OSU Discover the Willamette Watershed Camp 2018

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"Environmental Leadership for Youth" is a new outreach opportunity sponsored by the Calapooia Watershed Council and other watershed councils in connection with the Oregon State University Extension Office and the 4-H Outreach Leadership Institute.

The program consists of a variety of labs, projects, field trips and summer camps, running March through August at a variety of locations. All are free to participants.

The program begins with an informational kickoff from 6:30 to 8:30 p.m. March 1 at the main branch of the Albany Public Library, 2450 14th Ave. S.E.

It's targeted toward youths who may never have had the opportunity to interact much with nature, or who may never have considered a college experience or career based on environmental opportunities.

Even living in relatively rural Linn or Benton counties doesn't guarantee exposure to camping, hiking, skiing, fishing, or other experiences with mountains, rivers and fields.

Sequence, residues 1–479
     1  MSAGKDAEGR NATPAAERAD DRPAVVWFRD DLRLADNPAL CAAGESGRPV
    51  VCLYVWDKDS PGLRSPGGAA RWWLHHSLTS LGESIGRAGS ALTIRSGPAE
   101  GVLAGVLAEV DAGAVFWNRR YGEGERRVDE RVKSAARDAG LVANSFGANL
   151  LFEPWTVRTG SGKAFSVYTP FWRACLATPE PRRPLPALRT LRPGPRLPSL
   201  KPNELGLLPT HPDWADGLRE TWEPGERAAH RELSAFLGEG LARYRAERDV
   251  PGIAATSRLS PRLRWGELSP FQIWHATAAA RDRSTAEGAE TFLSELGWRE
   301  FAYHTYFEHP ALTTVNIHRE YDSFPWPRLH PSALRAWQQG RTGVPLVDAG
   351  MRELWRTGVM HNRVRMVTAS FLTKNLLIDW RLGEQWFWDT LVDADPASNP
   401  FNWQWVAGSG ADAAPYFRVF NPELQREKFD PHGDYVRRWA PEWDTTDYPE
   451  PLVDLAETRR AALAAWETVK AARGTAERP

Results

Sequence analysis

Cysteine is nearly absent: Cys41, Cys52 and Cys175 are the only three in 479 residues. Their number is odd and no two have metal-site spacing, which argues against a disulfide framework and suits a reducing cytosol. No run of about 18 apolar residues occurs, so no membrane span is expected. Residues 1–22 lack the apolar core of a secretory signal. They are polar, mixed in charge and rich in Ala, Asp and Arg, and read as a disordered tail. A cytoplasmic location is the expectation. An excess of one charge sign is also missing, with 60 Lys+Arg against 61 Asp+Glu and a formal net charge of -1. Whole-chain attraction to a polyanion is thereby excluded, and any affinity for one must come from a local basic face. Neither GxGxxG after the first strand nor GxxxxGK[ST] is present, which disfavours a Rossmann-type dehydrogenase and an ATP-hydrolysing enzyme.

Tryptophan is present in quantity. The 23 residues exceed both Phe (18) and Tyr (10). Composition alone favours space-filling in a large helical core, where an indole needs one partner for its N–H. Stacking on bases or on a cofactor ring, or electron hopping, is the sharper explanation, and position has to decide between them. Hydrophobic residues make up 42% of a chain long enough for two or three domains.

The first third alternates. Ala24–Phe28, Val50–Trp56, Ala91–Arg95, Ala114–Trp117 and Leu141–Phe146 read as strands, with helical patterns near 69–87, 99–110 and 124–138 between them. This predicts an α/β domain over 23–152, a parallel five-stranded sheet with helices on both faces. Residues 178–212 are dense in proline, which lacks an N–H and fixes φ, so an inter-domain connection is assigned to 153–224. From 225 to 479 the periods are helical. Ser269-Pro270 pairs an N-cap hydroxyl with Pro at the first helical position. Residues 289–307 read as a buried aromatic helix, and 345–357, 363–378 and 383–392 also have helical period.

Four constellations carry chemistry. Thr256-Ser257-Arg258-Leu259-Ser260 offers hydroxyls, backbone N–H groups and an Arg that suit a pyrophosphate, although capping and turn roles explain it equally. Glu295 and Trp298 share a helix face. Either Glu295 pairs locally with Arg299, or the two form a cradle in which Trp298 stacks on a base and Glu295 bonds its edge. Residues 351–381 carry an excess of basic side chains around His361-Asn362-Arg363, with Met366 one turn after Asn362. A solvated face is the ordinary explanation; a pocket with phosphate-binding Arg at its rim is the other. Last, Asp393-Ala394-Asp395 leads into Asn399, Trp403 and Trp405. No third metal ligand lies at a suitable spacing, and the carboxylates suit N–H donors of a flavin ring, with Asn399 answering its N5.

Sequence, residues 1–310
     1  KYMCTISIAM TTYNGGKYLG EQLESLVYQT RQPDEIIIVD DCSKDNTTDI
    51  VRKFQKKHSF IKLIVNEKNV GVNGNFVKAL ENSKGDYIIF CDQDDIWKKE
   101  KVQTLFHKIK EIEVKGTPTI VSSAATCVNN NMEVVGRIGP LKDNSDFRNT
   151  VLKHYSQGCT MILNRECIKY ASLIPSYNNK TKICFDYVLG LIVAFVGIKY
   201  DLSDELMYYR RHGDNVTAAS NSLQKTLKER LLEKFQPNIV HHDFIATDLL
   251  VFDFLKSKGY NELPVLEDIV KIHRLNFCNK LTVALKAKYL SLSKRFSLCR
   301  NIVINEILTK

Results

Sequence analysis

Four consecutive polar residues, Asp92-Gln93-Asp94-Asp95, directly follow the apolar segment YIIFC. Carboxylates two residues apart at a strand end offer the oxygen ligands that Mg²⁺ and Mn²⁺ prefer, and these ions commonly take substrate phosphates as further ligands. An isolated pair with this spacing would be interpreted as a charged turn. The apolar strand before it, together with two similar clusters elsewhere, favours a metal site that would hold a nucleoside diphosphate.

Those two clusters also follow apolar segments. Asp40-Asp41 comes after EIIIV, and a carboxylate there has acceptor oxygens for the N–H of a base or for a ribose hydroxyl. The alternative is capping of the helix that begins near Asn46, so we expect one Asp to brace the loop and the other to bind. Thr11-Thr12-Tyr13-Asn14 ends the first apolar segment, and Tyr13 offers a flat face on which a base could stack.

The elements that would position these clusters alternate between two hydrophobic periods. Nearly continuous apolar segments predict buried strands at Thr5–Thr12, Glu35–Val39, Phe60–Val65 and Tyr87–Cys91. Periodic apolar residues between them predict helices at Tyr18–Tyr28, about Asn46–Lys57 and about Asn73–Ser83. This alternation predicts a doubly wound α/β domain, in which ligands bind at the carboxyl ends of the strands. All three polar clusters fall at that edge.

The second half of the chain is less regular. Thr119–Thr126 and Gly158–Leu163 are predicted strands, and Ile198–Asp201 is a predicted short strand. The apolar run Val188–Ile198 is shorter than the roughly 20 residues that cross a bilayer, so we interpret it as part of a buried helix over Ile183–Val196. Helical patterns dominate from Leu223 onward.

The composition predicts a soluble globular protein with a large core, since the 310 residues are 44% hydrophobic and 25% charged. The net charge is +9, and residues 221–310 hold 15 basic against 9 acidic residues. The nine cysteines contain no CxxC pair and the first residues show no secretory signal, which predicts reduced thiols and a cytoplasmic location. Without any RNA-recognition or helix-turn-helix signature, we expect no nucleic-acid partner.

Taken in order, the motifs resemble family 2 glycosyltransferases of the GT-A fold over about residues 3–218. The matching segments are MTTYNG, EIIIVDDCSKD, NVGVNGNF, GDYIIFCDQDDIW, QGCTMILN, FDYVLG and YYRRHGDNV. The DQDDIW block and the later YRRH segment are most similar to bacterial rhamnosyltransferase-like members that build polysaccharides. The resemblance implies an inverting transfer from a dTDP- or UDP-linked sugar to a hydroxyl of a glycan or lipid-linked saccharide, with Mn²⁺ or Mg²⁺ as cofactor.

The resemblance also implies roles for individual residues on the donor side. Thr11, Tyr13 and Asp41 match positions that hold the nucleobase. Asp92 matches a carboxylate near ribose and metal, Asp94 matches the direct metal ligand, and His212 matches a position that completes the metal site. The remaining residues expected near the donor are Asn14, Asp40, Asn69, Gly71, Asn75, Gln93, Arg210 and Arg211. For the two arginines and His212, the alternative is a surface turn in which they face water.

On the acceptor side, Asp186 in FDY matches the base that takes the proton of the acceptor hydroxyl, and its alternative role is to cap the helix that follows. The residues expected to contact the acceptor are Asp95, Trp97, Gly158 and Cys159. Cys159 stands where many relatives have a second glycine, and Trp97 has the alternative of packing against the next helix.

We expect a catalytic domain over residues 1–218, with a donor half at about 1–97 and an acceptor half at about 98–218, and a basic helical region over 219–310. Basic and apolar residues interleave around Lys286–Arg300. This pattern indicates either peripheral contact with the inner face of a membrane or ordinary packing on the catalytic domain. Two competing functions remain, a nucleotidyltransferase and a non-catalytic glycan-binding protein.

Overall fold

Along those lines, some mid-valley students thinking about college may believe it's out of reach — or that the only opportunities for study are traditional paths such as law, medicine or education. Oregon in particular is rich in environmental possibilities, and many career paths can be found through forestry, fisheries, geology and oceanography.

"The idea is to open doors to kids who normally wouldn't see this coming. "They have no idea of the multitude of paths they can take. ... We want to open their eyes to that."  

Participating youths will have a chance to float the Willamette, take field trips to natural habitat areas, meet environmental professionals, be summer camp counselors, experience campus living at OSU and work on science projects with watershed councils.

It's open to students in eighth through 12th grade who live or go to school within the boundaries of the Calapooia, Marys River and Middle Fork Willamette watershed councils. That includes Albany, Halsey, Harrisburg, Corvallis, Philomath, Monroe, Eugene, Springfield, Pleasant Hill, Lowell and Oakridge.

The students need to be associated with the watershed council locations because of the costs for transportation.

The watershed councils are involved because they're looking for ways to reach out to the students who will shape the futures of those entities and keep them sustainable, said Bessie Joyce, executive director of the Calapooia Watershed Council. They will be the voters making decisions on conservation and other environmental issues.

As part of the introductory meeting, participants will learn more about opportunities throughout the rest of the program. Events take place in March, May, June, July and August. Participants are expected to stay through the whole program.

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